They say all good things come in threes—The Three Musketeers, Three Blind Mice, Three-Minute Egg. I would give you a fourth example, but that just seems like poor judgment. Instead, I'll tell you about three brave grapes, that many years ago made the long and trying journey from a faraway land called "France" to an also faraway land called "South America".
The names of these grapes are Carmenere, Tannat, and Malbec. Each had its earliest plantings in its own particular region of southwest France—Carmenere in Bordeaux, Tannat in Madiran, and Malbec in Cahors. However, natural adversities (for example, the root louse phylloxera in the case of Carmenere) and receptivity to the wine produced (for example, some people find Tannat from Madiran to be astringent if it's not blended) has diminished their roles in the French winemaking scene. Fortunately, Carmenere has found a new home in Chile, Tannat in Uruguay, and, as I'm sure you know, Malbec in Argentina.
Our lovely Drinks editor was lucky enough to travel to a particularly famous region in Argentina for Malbec, Mendoza, and discover all the goodies beyond Malbec, but for today, we'll hone in on this single grape. Are you a fan of Malbec? Curious about trying some? Right this way...
What to Expect
Malbec is a purple, thin-skinned grape that produces a red wine often very deep and dark in color. From Cahors, the wine tends to be tannic, acidic, and occasionally smoky. But we'll be focusing on New World options today. In the New World, Malbec often offers soft texture and prominent dark fruit flavors, supported by a bit of spice. In either place, you can expect a medium to full bodied and rich wine.
In addition to Argentina, you may see some Malbec grown in Chile and California, although these are still a bit harder to come by than Mendoza or other regions in Argentina.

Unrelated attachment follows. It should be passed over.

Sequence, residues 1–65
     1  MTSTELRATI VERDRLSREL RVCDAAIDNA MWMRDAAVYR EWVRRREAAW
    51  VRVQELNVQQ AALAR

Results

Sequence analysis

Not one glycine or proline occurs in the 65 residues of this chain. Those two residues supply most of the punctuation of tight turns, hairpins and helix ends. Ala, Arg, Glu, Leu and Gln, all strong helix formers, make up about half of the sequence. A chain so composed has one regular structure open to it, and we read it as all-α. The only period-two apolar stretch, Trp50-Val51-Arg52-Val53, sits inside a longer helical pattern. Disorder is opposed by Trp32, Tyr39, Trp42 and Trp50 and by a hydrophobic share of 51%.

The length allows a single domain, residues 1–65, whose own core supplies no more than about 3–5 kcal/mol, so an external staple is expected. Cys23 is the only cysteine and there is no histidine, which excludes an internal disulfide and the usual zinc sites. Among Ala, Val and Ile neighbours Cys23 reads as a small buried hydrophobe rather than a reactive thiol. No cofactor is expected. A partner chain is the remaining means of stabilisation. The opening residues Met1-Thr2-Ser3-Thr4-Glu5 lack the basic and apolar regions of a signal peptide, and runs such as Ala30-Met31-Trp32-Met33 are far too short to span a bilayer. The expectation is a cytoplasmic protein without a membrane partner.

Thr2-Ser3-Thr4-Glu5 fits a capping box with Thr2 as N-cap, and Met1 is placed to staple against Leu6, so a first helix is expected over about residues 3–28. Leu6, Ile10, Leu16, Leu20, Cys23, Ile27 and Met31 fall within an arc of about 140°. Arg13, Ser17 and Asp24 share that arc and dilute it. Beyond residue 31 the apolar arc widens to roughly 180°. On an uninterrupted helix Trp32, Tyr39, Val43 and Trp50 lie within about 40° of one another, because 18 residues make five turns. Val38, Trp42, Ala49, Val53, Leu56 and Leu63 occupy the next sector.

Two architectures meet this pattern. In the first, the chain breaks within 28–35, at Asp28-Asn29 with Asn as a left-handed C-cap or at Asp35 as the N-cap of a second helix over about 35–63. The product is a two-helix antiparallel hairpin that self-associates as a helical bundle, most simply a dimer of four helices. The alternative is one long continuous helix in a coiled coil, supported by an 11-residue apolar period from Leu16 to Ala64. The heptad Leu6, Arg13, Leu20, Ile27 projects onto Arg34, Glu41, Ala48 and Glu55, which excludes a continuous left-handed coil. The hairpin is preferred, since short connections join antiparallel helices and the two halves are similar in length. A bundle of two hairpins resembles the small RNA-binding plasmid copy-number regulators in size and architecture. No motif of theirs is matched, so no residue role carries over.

How to Serve Malbec
To enjoy this South American treat, serve around (or just under) room temperature. Although pop-and-pour should be fine with most bottles, the more tannic and alcoholic bottles would be best if you open them (and pour into a pitcher or decanter if you have one) about 20 minutes before serving. And as far as food goes, some might say beef, beef, and more beef (channel your inner Argentinian), but there are definitely Malbecs that would be good with pork, salmon, or even just some cheese and crackers.
We tried a whopping 22 bottles of New World Malbec (it's been a busy couple of weeks) and picked out our favorites. Here our our top recommendations for tasty Malbec to buy and enjoy.
Our Favorite Malbecs Under $20
The scent of Valentin Bianchi Malbec Mendoza 2010 ($17) reminded us of a juicy blackberry pie, but the wine had a solid structure—with firm tannins and cherry-like acidity—that was quite welcome. This wine offered spicy, peppery flavors balanced by a chocolaty sweetness. This bottle is a safe bet to bring to a dinner party.
Interestingly, the Decero Malbec Remolinos Vineyard Agrelo 2010 ($17) started out with meaty scents, like beef jerky, but opens up to reveal warm baking spices. Plummy, fruity flavors were supplemented by hints of sage and spice. It's great with Manchego.
For $12 a bottle, Graffigna Centenario Estate Bottled Reserve 2010 is a steal. The scent was a little savory, like soy-marinated steak. (Try it with a soy-marinated steak!) The ripe cherry and raspberry flavors (and a hint of sweet black cherry cola) were well balanced by an earthy backbone and a very smooth texture. Easy to drink on its own, even better with steak or lamb.